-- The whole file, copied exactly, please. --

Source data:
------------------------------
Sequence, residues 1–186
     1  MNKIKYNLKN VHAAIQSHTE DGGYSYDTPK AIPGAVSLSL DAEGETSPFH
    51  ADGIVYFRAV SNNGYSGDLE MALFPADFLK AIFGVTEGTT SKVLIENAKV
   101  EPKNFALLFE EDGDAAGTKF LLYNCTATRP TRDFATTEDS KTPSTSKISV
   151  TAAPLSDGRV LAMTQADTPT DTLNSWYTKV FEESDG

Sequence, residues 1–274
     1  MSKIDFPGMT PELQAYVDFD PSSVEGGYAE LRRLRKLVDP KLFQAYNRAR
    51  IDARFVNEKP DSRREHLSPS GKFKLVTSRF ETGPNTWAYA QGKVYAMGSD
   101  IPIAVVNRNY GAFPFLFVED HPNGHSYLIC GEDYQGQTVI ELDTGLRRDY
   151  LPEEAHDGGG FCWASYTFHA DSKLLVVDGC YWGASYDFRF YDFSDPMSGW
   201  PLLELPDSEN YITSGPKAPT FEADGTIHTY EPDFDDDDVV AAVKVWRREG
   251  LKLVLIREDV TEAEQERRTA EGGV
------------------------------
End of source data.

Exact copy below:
Sequence, residues 1–186
     1  MNKIKYNLKN VHAAIQSHTE DGGYSYDTPK AIPGAVSLSL DAEGETSPFH
    51  ADGIVYFRAV SNNGYSGDLE MALFPADFLK AIFGVTEGTT SKVLIENAKV
   101  EPKNFALLFE EDGDAAGTKF LLYNCTATRP TRDFATTEDS KTPSTSKISV
   151  TAAPLSDGRV LAMTQADTPT DTLNSWYTKV FEESDG

Sequence, residues 1–274
     1  MSKIDFPGMT PELQAYVDFD PSSVEGGYAE LRRLRKLVDP KLFQAYNRAR
    51  IDARFVNEKP DSRREHLSPS GKFKLVTSRF ETGPNTWAYA QGKVYAMGSD
   101  IPIAVVNRNY GAFPFLFVED HPNGHSYLIC GEDYQGQTVI ELDTGLRRDY
   151  LPEEAHDGGG FCWASYTFHA DSKLLVVDGC YWGASYDFRF YDFSDPMSGW
   201  PLLELPDSEN YITSGPKAPT FEADGTIHTY EPDFDDDDVV AAVKVWRREG
   251  LKLVLIREDV TEAEQERRTA EGGV